The 2020 Comprehensive Food Security and Vulnerability Analysis (CFSVA) report has revealed that a total of 3.6 million Ghanaians representing 11.7 per cent of the country’s population are food insecure.
Out of the figure, 5.2 per cent representing 1.6 million people were severely food insecure, while 6.5 per cent representing two million people were moderately food insecure.
Of Ghana’s 3.6 million food insecure people, 78 per cent representing 2.8 million people were in rural areas, and 22 per cent representing 0.8 million people were in urban areas.
The report also showed that 18.2 per cent of the country’s rural population were food insecure, of which 7.3 per cent were severely food insecure and 10.9 per cent were moderately food insecure.
The findings showed that 5.5 per cent of the country’s urban population had food insecure, of which 3.2 per cent were severely food insecure and 2.3 per cent were moderately food insecure.
The report, presented in Tamale, was the most comprehensive food security assessment yet undertaken in the country by the Ghana Statistical Service and the Ministry of Food and Agriculture (MoFA) with technical and financial support from the World Food Programme (WFP) and the Food and Agriculture Organization.
A total of 67,140 household heads across 4,476 sample points or enumeration areas from the 260 districts in the country were interviewed from November to December 2020 to produce the report.
The 2020 CFSVA provided a comprehensive and detailed analysis of who the food insecure and vulnerable people were in the country, where they lived, how many they were, why they were food insecure or vulnerable, what could be done to save their lives and livelihoods, how the situation was likely to evolve, and the risks associated with them as well as the impact of COVID-19 on food security.
Per the 1999 World Food Summit working definition, food security described a situation in which “All people, at all times, have physical and economic access to sufficient, safe and nutritious food to meet their dietary needs and food preferences for an active and healthy life.”
The report showed that on a regional basis, food insecurity was a truly national challenge, with all regions except one (Oti) having a food insecure population of more than 100,000.
Most of the country’s food insecure people lived in the northern part of the country as the findings showed that 18 per cent were in the Upper East Region, 17 per cent in the Northern Region, and 13 per cent in the Ashanti Region.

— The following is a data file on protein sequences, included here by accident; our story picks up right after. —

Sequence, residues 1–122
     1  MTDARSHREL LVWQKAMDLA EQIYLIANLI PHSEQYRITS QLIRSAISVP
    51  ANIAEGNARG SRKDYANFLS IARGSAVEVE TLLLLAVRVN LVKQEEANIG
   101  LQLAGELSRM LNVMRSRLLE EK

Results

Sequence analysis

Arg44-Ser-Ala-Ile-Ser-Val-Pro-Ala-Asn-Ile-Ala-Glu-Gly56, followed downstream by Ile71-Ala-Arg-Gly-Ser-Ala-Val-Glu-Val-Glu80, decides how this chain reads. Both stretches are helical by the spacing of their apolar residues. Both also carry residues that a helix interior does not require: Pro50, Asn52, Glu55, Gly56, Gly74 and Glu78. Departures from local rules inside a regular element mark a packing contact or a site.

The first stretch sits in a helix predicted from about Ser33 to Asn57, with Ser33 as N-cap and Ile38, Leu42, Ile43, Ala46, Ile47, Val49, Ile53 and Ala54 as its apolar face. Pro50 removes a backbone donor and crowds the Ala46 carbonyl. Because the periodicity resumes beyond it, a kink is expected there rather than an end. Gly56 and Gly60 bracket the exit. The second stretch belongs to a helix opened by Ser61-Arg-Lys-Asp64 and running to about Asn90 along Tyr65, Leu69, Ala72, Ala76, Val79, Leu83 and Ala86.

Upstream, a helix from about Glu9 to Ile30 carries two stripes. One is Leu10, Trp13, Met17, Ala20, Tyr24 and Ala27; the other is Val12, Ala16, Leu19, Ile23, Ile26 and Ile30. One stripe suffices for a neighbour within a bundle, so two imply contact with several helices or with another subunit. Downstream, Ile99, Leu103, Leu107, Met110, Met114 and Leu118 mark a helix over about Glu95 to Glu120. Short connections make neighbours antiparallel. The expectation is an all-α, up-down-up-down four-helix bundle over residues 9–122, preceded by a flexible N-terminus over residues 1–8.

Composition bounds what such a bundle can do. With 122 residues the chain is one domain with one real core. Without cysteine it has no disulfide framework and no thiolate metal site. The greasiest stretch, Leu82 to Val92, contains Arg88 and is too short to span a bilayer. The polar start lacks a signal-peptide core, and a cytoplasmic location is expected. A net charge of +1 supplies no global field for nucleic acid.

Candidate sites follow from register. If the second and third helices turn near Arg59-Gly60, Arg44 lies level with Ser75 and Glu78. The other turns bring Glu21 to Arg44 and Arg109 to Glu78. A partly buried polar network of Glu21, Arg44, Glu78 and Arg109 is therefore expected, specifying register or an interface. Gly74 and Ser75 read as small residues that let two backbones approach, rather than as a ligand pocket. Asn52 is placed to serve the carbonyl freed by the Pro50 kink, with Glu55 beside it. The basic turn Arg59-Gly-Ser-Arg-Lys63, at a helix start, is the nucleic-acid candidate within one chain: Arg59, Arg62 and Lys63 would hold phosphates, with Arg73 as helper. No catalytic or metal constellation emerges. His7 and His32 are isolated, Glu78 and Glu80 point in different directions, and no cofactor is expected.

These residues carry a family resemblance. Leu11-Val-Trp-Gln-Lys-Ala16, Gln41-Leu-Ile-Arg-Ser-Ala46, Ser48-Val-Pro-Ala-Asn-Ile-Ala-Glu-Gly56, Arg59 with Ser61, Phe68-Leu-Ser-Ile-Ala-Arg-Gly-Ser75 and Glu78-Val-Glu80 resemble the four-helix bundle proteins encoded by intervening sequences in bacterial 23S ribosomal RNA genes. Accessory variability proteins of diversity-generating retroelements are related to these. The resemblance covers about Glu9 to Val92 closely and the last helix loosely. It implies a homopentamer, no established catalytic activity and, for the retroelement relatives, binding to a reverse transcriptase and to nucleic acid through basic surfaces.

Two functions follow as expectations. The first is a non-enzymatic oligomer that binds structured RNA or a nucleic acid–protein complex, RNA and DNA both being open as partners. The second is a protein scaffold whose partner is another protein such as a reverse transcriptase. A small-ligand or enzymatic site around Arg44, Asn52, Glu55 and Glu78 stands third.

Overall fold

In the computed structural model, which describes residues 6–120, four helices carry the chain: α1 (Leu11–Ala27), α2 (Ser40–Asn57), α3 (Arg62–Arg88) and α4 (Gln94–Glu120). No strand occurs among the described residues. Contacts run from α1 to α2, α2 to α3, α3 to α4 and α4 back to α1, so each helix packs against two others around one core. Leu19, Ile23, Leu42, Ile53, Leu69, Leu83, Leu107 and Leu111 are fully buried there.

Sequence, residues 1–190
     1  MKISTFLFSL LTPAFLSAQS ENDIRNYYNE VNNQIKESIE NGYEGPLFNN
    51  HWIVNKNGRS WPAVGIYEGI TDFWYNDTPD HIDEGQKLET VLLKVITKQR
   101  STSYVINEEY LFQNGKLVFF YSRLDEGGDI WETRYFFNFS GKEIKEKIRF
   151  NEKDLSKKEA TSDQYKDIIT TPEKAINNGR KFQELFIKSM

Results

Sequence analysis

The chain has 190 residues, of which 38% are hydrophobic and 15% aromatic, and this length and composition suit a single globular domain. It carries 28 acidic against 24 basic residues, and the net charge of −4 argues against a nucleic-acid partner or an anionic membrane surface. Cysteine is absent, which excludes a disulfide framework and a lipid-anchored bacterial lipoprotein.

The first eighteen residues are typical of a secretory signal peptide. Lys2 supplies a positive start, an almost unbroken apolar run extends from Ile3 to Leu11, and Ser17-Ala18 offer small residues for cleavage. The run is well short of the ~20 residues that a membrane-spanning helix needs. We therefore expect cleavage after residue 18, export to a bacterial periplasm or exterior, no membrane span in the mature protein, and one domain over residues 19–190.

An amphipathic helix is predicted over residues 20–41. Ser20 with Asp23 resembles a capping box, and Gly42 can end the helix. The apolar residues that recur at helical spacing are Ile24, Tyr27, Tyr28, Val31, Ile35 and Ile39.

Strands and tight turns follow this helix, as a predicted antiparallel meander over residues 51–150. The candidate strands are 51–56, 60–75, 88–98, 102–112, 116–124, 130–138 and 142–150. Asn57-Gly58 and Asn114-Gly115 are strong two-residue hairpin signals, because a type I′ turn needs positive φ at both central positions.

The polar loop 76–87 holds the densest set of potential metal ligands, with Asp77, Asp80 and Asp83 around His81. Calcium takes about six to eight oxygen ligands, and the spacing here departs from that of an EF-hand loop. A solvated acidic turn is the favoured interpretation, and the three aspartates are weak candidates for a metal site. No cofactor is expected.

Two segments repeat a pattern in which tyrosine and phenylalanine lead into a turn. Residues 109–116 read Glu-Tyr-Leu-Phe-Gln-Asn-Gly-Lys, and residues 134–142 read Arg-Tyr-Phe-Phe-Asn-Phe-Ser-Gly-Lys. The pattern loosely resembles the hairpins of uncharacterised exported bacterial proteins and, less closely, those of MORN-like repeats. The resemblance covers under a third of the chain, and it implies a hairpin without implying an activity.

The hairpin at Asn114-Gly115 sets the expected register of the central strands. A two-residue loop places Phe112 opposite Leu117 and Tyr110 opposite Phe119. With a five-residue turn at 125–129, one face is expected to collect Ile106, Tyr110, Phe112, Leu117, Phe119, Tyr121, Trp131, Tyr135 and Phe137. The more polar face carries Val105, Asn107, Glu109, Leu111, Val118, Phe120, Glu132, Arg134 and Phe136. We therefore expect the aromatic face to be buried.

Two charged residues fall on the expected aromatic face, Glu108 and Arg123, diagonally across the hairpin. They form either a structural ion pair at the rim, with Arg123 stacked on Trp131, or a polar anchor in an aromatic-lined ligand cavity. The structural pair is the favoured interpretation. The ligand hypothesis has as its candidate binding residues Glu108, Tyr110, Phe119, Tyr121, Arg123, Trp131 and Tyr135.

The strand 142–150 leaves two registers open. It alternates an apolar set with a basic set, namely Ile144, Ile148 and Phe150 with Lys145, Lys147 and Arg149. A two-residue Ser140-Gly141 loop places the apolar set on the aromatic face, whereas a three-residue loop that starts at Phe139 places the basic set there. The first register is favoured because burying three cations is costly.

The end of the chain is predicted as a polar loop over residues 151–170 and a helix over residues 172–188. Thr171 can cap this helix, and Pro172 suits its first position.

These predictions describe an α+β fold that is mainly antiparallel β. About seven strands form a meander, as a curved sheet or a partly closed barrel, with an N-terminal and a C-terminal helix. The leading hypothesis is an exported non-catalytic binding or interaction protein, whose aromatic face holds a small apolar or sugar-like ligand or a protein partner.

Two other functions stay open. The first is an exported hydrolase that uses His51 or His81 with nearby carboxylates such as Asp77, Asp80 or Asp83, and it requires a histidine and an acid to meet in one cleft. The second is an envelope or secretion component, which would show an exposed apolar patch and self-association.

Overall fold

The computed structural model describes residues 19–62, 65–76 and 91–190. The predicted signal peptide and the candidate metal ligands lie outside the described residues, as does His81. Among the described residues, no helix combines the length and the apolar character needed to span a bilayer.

The region with the highest prevalence of food insecurity was Upper East, with a rate of 49 per cent whilst two other regions – North-East and Northern had food insecurity rates exceeding 30 per cent (33 per cent and 31 per cent) respectively.
This showed that there was a higher prevalence of food insecurity among male-headed households (14.1 per cent) compared to female-headed households (9.5 per cent).
It also suggested that the higher the educational level of the household head, the lower the prevalence of household food insecurity, and overall, there was a higher prevalence of food insecurity among ‘migrant households’ (15.9 per cent) than non-migrant households (11.1 per cent).
It called for proper and effective coordination and harmonisation of food and nutrition security interventions by the MoFA especially in the northern part of the country.
It further called for the promotion and adoption of climate smart agricultural activities as well as the need “To improve community and household resilience, especially during the lean season as households often face economic hardship during these periods in the northern part of Ghana. This could be done through seasonal implementation of cash transfers linked to Livelihood Empowerment against Poverty as well as support for livelihood activities for the affected populations.”
Ms Barbara Clemens, WFP Country Director and Representative called for education on nutrition and social behavioural change communication at the community level to increase the consumption of locally available nutritious foods and specialised nutritious foods.
Professor Samuel Kobina Annim, Government Statistician expressed the need for all stakeholders to thoroughly study the report and devise practical measures to address the findings.
A representative from MoFA expressed gratitude to partners for the technical and financial support towards the conduct of the study.
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